COMMUNITY ENGAGEMENT

BACKGROUND

Communities and societies have many norms connected to what is considered “possible”, “normal” and “okay” to do. Like we’ve learned in previous sections of this handbook, norms change over time and space. Something that is a norm in one space or group of people is not necessarily a norm in another. This creates opportunities in some cases. For example at LOUD! Bandcamp, we’ve created a space where girls playing drums is the norm. In another community this might be considered unnatural and even wrong. The norm in this community might be that boys should play drums. This creates barriers for girls who want to play drums. This can be applied to many different norms, and in many cases norms connected to the music ecosystem creates barriers for girls, trans and non-binary youth. 

In order for us to shift this dynamic, we need to get the community engaged in the process. Getting everyone to pull in the same direction is a much more efficient way of challenging and revealing norms, than telling someone they are doing something wrong. A good way to start this process is through identifying and connecting to key people within a community. This can be a teacher, a religious leader, a social worker, youth worker, musician or others, who has a network within the community and is able to get people involved and engaged.

100 years ago, having a female conductor lead an orchestra might have been considered impossible.

Today, we know many female conductors who are incredible at what they do (even though this is still a male dominated profession). This has been a change in our communities attitudes towards women that has enabled even more women to become conductors.

WHY?

As we already wrote, having many expectations of what is considered “possible” can limit the availability of activities and choices for certain people. Challenging what is considered “normal” is therefore an important part of creating more gender diversity within the music ecosystem. So far in this section we’ve looked at changes that can be done within ourselves and our organisations. Sometimes we have to look outside in order to really create equal opportunities. We tend to use our own context as the stepping stone for the decisions we make. If we only work towards creating equal opportunities for white, middle-class girls, we are not creating truly diverse and inclusive projects.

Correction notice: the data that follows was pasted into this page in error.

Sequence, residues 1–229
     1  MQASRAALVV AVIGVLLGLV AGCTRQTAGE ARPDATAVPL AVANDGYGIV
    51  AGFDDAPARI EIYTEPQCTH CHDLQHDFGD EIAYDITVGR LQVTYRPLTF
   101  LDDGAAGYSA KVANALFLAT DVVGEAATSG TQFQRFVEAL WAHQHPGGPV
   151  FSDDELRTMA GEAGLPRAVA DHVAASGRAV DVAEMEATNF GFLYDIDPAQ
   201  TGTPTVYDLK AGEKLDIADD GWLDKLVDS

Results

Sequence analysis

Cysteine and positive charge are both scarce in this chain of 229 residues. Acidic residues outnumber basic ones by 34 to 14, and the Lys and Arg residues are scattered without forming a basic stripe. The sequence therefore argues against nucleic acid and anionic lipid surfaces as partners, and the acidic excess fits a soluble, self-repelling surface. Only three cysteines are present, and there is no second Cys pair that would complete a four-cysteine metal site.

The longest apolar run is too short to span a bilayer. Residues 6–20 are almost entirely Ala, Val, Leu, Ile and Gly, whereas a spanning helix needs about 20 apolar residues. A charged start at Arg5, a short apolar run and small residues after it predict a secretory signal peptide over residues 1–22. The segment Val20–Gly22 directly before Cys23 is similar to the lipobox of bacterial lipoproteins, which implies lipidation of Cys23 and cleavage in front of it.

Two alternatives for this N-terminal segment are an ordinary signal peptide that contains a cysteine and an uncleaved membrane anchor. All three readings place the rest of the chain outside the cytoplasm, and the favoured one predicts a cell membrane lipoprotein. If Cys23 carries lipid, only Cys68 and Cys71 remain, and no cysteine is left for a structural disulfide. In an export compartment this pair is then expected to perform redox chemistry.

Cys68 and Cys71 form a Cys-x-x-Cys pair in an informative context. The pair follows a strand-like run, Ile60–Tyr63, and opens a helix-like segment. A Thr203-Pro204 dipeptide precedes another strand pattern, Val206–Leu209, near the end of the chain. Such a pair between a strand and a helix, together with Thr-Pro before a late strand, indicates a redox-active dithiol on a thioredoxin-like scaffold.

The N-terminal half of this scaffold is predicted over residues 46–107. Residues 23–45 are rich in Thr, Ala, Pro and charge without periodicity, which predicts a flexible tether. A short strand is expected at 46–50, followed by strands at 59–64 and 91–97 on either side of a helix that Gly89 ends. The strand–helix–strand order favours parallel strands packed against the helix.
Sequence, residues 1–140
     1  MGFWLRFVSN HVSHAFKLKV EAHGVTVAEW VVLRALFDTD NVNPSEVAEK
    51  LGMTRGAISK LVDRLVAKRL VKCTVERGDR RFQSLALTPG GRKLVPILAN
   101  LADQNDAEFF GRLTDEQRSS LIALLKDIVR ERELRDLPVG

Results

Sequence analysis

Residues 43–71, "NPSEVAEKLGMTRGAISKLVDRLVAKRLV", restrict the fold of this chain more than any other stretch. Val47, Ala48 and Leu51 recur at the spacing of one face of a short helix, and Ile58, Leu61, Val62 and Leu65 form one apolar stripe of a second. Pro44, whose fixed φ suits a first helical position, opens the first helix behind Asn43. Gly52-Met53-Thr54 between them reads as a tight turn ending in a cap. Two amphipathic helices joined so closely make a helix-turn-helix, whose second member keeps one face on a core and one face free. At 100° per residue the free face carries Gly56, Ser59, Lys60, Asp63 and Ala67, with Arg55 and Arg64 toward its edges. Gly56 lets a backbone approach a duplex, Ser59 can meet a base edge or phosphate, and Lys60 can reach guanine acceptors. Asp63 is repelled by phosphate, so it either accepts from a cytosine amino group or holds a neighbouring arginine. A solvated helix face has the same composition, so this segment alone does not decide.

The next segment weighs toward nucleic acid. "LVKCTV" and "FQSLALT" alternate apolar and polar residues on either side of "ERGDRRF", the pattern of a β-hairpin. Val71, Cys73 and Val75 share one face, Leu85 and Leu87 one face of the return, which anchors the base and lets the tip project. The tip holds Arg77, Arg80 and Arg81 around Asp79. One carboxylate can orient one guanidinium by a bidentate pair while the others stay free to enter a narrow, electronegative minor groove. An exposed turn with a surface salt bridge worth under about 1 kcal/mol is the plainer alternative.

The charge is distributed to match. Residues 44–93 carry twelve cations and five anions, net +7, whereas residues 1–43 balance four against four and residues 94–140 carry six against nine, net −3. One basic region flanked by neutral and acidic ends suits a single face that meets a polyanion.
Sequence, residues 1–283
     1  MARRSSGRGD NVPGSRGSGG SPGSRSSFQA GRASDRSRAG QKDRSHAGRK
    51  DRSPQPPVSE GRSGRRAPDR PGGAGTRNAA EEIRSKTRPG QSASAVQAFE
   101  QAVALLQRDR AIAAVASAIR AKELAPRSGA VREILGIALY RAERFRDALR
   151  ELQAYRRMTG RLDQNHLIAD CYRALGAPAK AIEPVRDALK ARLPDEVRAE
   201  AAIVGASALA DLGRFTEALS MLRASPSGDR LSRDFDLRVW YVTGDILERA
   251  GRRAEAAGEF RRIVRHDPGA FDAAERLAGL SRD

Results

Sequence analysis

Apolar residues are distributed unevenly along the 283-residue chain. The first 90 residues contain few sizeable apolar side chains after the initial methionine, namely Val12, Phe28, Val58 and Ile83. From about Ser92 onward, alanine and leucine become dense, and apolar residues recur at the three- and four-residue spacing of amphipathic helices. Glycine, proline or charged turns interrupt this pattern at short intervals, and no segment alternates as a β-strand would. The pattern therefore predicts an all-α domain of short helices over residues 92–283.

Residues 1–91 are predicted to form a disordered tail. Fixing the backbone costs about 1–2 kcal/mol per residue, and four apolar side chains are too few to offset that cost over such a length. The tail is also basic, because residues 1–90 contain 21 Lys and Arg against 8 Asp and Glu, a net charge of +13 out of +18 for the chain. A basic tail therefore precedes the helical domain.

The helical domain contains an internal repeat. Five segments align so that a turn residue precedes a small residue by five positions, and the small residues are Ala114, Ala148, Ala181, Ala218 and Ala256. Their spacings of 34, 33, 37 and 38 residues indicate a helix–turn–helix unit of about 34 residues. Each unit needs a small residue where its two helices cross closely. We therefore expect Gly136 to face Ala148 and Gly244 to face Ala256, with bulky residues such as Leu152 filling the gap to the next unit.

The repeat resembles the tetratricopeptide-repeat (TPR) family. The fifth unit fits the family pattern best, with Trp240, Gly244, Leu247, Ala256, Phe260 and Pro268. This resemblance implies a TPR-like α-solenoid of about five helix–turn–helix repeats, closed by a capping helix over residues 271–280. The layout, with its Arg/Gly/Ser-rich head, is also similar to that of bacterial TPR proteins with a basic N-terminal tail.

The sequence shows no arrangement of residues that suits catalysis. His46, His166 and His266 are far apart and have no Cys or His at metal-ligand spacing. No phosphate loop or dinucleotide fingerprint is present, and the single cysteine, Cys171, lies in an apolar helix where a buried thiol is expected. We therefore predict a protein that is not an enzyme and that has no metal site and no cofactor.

Community engagement builds on the expression “show, don’t tell”. If you show people possibilities they might not have imagined, arguing against it gets harder. Through doing this, you will also open up spaces for more types of youth and kids. Maybe the community thinks that the kid in a wheelchair can’t dance at the dance show, show them that they can!

HOW?

Challenge your own norms!

Be aware of what norms are limiting participation within your organisation or projects. Are you truly open to challenging what you think of as “normal”?

Map attitudes.

Both within your organisation, and in society as a whole. Dissect any limiting arguments, and find arguments to why it’s important to challenge attitudes and beliefs that may lead to discrimination. Be visual and active in challenging the norms.

Identify key actors and spaces in the community.

Are there individuals with gatekeeper roles that can help you build relationships with a community? Maybe you can team up with a principal, teacher, elders in the community, youth workers, religious leaders or others who are connected to the youth to build ownership to your project within the community itself. In some cases this might help you to challenge the mindsets in the surroundings of the kids you want to reach - if you get the gatekeeper on board it will be easier to persuade the community that girls can also play in bands or that marching bands are cool!

Make it fun and positive!

Pointing fingers is rarely a constructive way to create change. This will only alienate and make the divide between people even bigger. Highlight the possibilities and communicate the advantages of challenging norms. Get people on board, and invite them in.

“Show, don’t tell”.

As we mentioned earlier, the “show, don’t tell”-mentality is your friend when working with community norms. Give parents, politicians, teachers and others the opportunity to see what kids are doing in your projects, and the enormous growth it can create in each of the participants. Bring them in on the journey: “In this project we’re being brave, trying something for the first time, creating something together and focusing on supporting each other.” When they see the accomplishments and joy of the participants, and feel the power of their own encouragement, it’s hard to hold on to limiting beliefs.